Oh, dear. I'm afraid my whole LIFE is just one long story no one would believe if I wrote it down.
Here's one example. One of the many crummy places I lived during college was a trailer with ... shall we say ... design flaws. Someone had attempted to remodel the place, and had stopped in the middle. There was no end to the bathtub -- you could see right down into the underpinning. Which was fine, since there was no running water. The phone jack only worked half the time, and the lights occasionally flickered.
The night before I started student teaching, I was understandably nervous. We didn't have a car and we lived a mile and a half off the bus route. I had to work until 6 the night before, so it was pretty late by the time my partner and I rode the bus to our stop and walked through the January darkness to our trailer.
We flipped on the lights. Well, that's not entirely accurate. We flipped the light SWITCH, but nothing happened. As we were fairly poor and hadn't been entirely consistent with the bills, we thought maybe the power had gotten shut off. A quick call to the power company from a neighbor's phone told us otherwise. Our account was up to date; the electricity simply wasn't working. We managed to feel our way through the trailer, tripping over the alarmed cats, to get to the breaker box, but nothing we tried would restore the power. Later we would learn that the wiring had failed entirely and would have to be completely redone.
Exhausted, we walked back out the mile and a half to the bus stop and waited 25 minutes for the next bus. We rode it to Wal-Mart to find my ex, who had agreed to meet us there. Filthy, tired, and nervous about the big day ahead, I paced around the Wal-Mart entrance by the drink machines, watching for my ex's car and ranting and raving to my partner.
My partner was very supportive. She stood with me, held my hand, and patted my hair, trying to calm me. Until a woman approached us and said, "Hey, I've got no problem with ... you people ... but would you mind not being affectionate in front of my daughter? I just don't want to explain it to her." I glanced past the woman, and, sure enough, her daughter, all of ten, was glaring at us with her arms crossed and her face red. Too exhausted to know what to do, we stepped apart and stood like stone, waiting for our ride.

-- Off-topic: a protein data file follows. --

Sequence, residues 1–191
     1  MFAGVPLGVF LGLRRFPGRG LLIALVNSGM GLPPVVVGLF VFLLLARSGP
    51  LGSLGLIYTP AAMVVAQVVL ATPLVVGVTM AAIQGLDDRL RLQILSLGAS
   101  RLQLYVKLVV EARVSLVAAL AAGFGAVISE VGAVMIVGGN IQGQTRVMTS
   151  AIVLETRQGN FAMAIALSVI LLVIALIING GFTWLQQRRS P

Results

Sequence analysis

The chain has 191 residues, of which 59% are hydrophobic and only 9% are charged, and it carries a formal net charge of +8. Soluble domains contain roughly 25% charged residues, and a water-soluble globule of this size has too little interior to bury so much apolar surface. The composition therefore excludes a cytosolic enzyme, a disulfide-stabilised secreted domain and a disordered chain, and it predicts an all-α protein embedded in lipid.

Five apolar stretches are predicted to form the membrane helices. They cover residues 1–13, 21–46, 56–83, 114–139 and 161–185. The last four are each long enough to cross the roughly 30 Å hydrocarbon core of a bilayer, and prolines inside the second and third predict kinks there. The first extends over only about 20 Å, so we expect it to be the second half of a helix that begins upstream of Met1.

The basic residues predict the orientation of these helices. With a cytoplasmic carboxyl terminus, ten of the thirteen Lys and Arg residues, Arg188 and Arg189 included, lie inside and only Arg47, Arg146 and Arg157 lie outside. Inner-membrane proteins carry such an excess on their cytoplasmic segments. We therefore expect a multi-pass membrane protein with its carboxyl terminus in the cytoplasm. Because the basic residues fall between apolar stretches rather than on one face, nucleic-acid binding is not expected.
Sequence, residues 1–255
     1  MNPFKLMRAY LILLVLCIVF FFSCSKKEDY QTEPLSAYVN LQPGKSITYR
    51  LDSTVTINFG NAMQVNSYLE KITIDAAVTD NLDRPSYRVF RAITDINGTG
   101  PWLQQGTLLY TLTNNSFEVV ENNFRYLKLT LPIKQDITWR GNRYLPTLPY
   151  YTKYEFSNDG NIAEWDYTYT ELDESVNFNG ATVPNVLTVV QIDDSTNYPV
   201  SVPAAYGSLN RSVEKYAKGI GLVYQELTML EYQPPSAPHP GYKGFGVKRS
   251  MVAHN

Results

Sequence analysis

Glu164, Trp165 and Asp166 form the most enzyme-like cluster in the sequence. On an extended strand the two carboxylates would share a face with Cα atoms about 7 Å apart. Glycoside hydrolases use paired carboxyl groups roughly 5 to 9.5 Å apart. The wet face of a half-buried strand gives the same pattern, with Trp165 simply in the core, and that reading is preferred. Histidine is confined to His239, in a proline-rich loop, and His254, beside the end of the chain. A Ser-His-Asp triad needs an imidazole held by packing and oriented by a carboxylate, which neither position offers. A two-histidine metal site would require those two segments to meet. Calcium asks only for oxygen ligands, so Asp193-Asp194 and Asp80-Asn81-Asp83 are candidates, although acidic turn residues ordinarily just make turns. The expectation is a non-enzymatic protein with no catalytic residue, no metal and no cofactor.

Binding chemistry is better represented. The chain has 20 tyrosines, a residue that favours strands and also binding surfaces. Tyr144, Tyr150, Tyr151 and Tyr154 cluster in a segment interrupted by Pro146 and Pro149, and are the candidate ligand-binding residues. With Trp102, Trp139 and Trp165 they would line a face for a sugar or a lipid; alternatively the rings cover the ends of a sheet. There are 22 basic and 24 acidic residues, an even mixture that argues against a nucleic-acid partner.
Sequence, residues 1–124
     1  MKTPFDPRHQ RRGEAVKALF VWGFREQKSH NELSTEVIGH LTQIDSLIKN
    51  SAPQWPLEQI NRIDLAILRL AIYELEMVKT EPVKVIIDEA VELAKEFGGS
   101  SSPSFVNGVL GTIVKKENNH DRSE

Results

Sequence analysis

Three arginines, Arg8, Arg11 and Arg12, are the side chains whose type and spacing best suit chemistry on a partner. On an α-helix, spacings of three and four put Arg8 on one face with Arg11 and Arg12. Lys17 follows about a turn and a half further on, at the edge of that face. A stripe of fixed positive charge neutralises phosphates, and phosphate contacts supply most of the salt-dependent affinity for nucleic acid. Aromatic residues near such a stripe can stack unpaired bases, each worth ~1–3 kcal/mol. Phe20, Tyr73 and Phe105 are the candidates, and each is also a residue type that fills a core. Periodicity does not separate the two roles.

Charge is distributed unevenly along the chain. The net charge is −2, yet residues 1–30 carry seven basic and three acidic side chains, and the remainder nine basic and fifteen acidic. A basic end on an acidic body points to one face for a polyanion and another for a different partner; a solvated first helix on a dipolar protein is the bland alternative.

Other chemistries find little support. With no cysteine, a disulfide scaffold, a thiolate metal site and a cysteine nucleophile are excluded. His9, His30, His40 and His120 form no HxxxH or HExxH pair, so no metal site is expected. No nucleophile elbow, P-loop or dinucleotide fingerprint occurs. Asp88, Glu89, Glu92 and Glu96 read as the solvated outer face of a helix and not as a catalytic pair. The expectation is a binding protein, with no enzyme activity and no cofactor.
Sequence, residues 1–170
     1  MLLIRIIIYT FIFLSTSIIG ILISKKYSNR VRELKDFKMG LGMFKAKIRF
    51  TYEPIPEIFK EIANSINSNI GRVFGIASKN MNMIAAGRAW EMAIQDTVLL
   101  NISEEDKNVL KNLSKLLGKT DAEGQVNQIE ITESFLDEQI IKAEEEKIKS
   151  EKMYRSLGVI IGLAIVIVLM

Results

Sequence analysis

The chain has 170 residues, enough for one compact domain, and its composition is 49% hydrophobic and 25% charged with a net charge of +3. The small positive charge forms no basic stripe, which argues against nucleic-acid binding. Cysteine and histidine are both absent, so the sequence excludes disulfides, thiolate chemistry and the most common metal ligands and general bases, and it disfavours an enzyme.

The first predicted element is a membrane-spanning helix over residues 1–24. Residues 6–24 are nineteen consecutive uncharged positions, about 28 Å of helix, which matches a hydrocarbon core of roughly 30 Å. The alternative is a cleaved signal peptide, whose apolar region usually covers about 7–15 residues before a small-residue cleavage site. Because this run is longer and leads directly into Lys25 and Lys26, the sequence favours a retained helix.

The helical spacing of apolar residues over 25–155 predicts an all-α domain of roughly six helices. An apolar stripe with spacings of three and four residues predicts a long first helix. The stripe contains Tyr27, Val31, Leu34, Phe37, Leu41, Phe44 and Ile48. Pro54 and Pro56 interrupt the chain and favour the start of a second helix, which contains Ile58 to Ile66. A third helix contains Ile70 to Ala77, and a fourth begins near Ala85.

Eventually, my ex arrived. She took us to her house, where I could shower and hang up my clothes for the next day. I emerged from the shower to learn that her dog had knocked my clothes off the hanger and walked all over them with his muddy feet. She didn't have a washer or dryer.
With a groan, we called my partner's sister, who was less than supportive of us. She agreed to let us stay over at her dorm if we could get a ride there. My ex drove us there and we did laundry in the dorm laundry room. Of course the dryer didn't work and I had to hang up my clothes to dry, hoping they would manage it in the scant four hours till I had to be getting dressed.
My partner's sister (who has since grown up a lot and whom I adore) spent much of the night explaining to my partner why our relationship was a sin and why she should move back into the dorms and leave me. Eventually, I managed to fall asleep, wedged onto half of the top bunk, using my partner's sweatshirt as a blanket.
Three and a half hours later, I slithered back down off the top bunk and squeezed in a quick shower. Dressed in my damp but more-or-less clean and unwrinkled outfit, I slipped outside to catch the bus. I was sleepy, undercaffeinated, and extremely upset from all the mishaps leading up to this all-important first day of student teaching.
Once I was at school, I managed to relax and settle into the day, forgetting all the woes of the night before -- until I noticed one pinched red face, all of ten, glaring at me in the cafeteria.
"I saw you," the child said in this voice that spoke volumes to what her mother must have told her. "I saw you at Wal-Mart last night."
I smiled wearily. "I saw you, too, dear. Did you buy anything nice?"
She walked away without answering and I sank onto the bench, completely done in.